There’s been an enormous amount of activism in California this month — with much more to come.
Yesterday, in Orange Country, the birthplace of California’s notorious Prop 187, immigration advocates shouted “Yes We Can!” in Korean and Spanish at a rally in front of the office of Congressman Ed Royce. Among the participants were Dayne Lee, Korean Resource Center, Julio Perez, Orange County Labor Federation, Eduardo Garcia, SEIU-USWW E-board member, Arnulfo de la Cruz, Mi Familia Vota, Jin Xiao Zhou, ULTCW member, Bupendra Ram, DREAMer and CSUF graduate student, Daniel Bravo, DREAMer, Anthony Ng, Asian Americans Advancing Justice – Los Angeles, Sonia Mejia, UDW member/homecare provider and member of OC LULAC and representatives from Coalition for Humane Immigrant Rights Los Angeles (CHIRLA) and the Clergy and Laity United for Economic Justice (CLUE) – Orange County.
They had a message for the Congressman: Pass immigration reform with a pathway to citizenship. And, they had a question: Are you listening?
To reinforce their message, the rally organizers pointed out the district’s demographics: “Asian Americans and Pacific Islanders (AAPIs) and Latinos accounting for 28.5 percent and 32.6 percent of the population respectively, the 39th Congressional District is a prime example of our country’s changing demographics.” Sure seems like it will be hard for Royce not to hear their message. More after the video.
This is the sixth article in the series, “Immigration Reform Summer,” by Gebe Martinez, Advisor to America’s Voice Education Fund:
When Rep. Ed Royce (R-CA) was first elected to Congress more than two decades ago, his home county of Orange was a different place. The county was the bastion of the John Birch Society and of the Republican Party in the Golden State and the nation.
Back then, Orange County’s Latinos and Asian Americans and Pacific Islanders (AAPI) totaled one-third of the population. Determined to keep the immigrant population from growing, nativists there were a driving force in the anti-immigrant movement with California’s Prop. 187, a statewide measure approved by voters in 1994 that would have denied undocumented immigrants access to health care, education and other critical services. A federal court threw it out for lacking constitutional muster, but many credit Proposition 187 for mobilizing Latino and Asian communities to engage and fight back, resulting in the power those communities wield today across the state.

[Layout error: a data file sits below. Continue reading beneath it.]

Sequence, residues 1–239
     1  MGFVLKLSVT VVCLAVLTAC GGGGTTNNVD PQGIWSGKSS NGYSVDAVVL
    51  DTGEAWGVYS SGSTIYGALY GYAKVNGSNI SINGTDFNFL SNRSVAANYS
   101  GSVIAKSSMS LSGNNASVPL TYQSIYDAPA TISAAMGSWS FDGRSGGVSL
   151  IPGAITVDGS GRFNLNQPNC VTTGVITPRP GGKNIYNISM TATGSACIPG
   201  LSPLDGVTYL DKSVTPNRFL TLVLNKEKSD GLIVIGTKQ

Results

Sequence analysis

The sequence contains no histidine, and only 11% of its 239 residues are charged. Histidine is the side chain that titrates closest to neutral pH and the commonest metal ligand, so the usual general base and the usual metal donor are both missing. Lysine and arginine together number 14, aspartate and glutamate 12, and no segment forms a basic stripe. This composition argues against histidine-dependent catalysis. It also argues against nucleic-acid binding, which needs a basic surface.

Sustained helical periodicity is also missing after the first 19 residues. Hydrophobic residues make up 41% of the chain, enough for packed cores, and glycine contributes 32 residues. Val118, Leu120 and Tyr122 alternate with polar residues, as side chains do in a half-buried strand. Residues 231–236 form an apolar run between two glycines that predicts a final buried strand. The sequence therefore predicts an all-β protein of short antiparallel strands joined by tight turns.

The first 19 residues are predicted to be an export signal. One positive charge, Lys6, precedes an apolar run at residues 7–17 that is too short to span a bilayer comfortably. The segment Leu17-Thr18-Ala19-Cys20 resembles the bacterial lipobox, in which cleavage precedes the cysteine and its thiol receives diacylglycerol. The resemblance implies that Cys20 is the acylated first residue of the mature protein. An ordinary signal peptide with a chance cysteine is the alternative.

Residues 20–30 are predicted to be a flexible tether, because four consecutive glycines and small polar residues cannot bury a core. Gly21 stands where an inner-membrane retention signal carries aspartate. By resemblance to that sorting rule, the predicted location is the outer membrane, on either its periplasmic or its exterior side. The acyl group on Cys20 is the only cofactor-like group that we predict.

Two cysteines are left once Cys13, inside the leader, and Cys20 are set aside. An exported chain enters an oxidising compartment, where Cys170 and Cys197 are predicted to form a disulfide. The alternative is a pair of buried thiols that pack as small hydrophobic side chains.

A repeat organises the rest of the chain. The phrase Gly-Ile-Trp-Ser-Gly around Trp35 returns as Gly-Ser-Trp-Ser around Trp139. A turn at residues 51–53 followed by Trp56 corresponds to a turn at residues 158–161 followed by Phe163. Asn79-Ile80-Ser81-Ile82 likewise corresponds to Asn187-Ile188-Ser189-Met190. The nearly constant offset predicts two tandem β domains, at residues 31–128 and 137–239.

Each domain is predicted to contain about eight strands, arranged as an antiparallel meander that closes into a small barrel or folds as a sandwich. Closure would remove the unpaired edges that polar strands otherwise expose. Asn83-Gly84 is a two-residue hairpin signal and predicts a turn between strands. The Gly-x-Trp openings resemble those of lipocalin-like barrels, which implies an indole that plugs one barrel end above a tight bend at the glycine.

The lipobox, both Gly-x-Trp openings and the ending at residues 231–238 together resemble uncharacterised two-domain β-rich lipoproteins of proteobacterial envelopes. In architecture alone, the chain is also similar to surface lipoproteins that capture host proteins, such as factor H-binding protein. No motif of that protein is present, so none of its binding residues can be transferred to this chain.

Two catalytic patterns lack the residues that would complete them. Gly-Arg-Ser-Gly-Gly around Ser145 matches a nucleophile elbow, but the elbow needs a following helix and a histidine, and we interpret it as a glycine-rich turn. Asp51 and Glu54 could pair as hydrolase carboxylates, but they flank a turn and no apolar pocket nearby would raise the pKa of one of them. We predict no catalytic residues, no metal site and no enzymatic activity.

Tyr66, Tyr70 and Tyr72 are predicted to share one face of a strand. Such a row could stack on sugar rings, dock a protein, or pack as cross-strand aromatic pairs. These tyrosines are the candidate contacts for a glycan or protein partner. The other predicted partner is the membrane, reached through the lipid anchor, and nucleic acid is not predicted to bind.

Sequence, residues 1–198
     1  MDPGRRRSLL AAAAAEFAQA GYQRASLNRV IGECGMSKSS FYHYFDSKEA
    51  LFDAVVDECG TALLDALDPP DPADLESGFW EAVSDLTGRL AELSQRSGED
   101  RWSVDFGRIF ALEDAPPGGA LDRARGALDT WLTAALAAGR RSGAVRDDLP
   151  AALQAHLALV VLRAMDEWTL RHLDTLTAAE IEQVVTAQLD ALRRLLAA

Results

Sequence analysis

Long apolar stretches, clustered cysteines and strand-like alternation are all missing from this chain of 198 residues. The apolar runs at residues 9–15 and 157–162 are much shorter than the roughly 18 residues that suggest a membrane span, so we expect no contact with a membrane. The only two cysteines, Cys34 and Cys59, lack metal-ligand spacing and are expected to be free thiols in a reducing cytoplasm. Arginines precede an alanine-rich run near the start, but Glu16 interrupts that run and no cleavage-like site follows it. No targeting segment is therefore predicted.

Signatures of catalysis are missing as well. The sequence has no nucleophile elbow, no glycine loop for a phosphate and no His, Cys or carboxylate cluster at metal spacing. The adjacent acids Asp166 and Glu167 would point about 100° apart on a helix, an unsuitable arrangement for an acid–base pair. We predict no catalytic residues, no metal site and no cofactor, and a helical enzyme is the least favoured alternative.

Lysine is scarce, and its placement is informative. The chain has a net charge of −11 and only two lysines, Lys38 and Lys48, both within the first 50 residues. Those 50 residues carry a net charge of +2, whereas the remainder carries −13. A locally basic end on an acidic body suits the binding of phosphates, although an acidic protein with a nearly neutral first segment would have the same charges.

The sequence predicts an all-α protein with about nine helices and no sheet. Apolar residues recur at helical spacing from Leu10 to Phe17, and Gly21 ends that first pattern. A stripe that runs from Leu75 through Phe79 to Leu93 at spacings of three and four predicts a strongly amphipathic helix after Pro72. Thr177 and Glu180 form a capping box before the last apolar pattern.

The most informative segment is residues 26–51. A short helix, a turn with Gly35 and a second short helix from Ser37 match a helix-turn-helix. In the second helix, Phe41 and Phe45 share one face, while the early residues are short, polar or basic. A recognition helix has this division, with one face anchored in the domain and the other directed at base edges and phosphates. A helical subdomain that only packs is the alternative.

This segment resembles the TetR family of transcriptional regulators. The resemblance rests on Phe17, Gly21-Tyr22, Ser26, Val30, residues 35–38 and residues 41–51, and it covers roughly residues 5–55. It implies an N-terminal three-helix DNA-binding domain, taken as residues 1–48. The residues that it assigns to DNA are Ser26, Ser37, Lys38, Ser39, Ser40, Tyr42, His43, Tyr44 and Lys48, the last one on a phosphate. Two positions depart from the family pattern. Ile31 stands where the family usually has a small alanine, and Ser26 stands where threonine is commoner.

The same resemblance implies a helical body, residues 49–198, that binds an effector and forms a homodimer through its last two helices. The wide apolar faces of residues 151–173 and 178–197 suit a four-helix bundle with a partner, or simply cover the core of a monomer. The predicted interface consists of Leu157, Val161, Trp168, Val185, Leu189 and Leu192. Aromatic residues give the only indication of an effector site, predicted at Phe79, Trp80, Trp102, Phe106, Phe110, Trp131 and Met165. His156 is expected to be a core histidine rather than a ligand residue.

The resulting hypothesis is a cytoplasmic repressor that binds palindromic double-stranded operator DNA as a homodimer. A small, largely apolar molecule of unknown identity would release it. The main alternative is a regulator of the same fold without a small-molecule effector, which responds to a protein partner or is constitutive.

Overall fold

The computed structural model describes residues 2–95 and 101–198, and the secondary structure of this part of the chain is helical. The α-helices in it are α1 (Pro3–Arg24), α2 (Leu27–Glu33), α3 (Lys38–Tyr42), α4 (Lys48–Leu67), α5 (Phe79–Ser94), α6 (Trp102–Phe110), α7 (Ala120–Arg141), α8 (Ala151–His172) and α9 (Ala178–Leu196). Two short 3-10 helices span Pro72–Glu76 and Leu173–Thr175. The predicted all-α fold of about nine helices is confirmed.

Now, it is the new Americans and descendants of immigrants who are knocking on doors in Royce’s district and demanding a voice on immigration.
AAPI and Latino community members — backed by DREAMers and labor — went door-to-door on Tuesday asking people to call Royce and demand a House vote on immigration reform that would let 11 million undocumented immigrants in the country earn a path to citizenship over time and help keep families together.
“We just have one question. Congressman Ed Royce, are you listening?” said Dayne Lee of the Korean Resource Center, during a rally at Fullerton City Hall that preceded the canvassing.
Lee led the dozens gathered in chanting “Yes we can!” in Korean after chants of “Si se puede!” as trilingual signs called for immigration reform.
The AAPI and Latino populations are a majority in Orange County and in Royce’s congressional district, which extends from northern Orange County to parts of Los Angeles and San Bernardino Counties. Royce now represents in Congress a population that is 28.5 percent Asian Americans and Pacific Islanders — including a large Korean-American community — and 32.6 percent Latino.
Royce’s attention to the AAPI communities has been through the prism of human rights, nonproliferation and trade, while working his way up to chairman of the House Foreign Affairs Committee.
Recognizing the need to improve the GOP’s messaging to Korean Americans, Royce and House Majority Leader Eric Cantor (R-VA), recently hosted a “meet-up” in Washington, D.C., with more than 500 Korean American leaders, pastors and interns.
On the current debate over immigration reform, however, Royce has been relatively silent, stating after a California Chamber of Commerce visit to Capitol Hill last month that Congress opposes “amnesty,” even though that is not on the table.
“We are here in Fullerton to engage Asian Americans, Pacific Islanders, Latinos and all communities to let them know what is happening on immigration reform and to let them know that their voices do matter,” said Anthony Ng, an undocumented immigrant who spoke at the rally.
On Wednesday, caravans will travel from different points of the Golden State to Bakersfield, the hometown of the third-highest ranking House Republican, Rep. Kevin McCarthy. He is one of the immigration advocates’ top targets because GOP House leaders have refused to bring the citizenship proposal to the House floor.
At the same time, 11 pilgrims — one for each of the one million undocumented in the country — are walking 285 miles from Sacramento to Bakersfield for 21 days. Two of them are the parents of Daniel Bravo, who rallied in Fullerton on Tuesday.
Twenty-one days is a long time to be separated, Bravo told the crowd in Orange County. “But we would rather be separated for 21 days than be separated for the rest of our lives.”